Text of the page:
2015 saw an unprecedented amount of reality television shows made and broadcast right here in good old New Zealand. From The Bachelor to The Block, X Factor to My Kitchen Rules, here are The Spinoff’s top ten reality stars of the year. Contributions by Alex Casey, Duncan Greive, Calum Henderson and Steve Braunias.
10) Steve Broad (X Factor)
I remember thinking at some point in March that I wanted Steve Broad to win X Factor more than I wanted the Blackcaps to win the Cricket World Cup. I mean, I really really wanted to win the World Cup, but… Steve Broad! The guy was a battler. He’d already been on NZ Idol in 2005 and finished third – this was almost certainly his last roll of the dice. He was getting on, pushing 30. He came from Invercargill. He almost exclusively performed songs written by and for women, without switching the genders. He had a bad habit of forgetting the lyrics. The judges had it in for him. He was doomed. Steve Broad didn’t win X Factor, and the Blackcaps didn’t win the World Cup. Such is life. / CH
9) Lily (Masterchef)
‘You ask too many questions!’ hissed the ridiculous Marco Pierre Cardin Bonaparte Sartre Rimbaud de Gaulle Cartier-Bresson White, at Lily on MasterChef. It was the patriarchy unsettled and made nervous by the brilliant, inquisitive Lily, almost certainly the show’s best and most inventive cook (it sure as shit wasn’t nice but dim Tim, who won and has never been heard of since) but who was eliminated early by those three drudges, weird Al, uptight Josh, and boring Mark. She was too clever for them. She was kind of kooky and talked like a robot but was never at a loss for amazing ideas. TV3 canned the series. Lily’s performance lives on. / SB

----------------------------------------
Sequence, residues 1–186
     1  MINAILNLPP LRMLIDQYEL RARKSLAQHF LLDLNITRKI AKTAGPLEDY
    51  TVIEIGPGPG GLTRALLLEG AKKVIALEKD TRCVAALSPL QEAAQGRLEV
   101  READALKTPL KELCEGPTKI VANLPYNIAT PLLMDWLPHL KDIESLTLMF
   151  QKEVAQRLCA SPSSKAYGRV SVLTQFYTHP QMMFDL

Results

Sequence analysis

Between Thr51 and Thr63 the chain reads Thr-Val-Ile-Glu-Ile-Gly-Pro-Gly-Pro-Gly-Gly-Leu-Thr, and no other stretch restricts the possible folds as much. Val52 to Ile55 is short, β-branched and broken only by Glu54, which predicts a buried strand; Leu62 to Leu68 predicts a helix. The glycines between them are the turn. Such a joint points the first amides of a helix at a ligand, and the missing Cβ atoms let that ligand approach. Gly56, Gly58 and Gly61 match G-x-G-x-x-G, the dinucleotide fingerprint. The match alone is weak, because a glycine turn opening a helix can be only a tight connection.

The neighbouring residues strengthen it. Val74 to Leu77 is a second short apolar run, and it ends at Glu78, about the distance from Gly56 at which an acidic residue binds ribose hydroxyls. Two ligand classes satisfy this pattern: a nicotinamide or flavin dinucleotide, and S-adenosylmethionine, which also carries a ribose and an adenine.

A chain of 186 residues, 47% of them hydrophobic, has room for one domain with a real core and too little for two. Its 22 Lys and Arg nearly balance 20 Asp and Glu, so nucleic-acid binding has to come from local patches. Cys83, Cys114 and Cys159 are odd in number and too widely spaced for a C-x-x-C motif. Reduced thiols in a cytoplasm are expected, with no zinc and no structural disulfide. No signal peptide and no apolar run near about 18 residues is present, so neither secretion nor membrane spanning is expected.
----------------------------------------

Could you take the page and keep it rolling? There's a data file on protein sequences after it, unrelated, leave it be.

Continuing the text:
8) Marty (The Block)
Rare for such an auxiliary figure to make a list like this, but 2015 will be remembered as the year Marty went from being the most famous builder on The Block to being the most famous builder in the whole bloody country. His mid-series Visa application denial was arguably the year’s most shocking immigration scandal. When he being kicked out of the country or whipping his shirt off to rescue a boring episode, he could be reliably found producing some of the finest wood craftsmanship and finishing you’ll ever see on a competitive renovation franchise, all while muttering unintelligibly in his harsh Scottish brogue. / CH
7) Prabha (Come Dine With Me)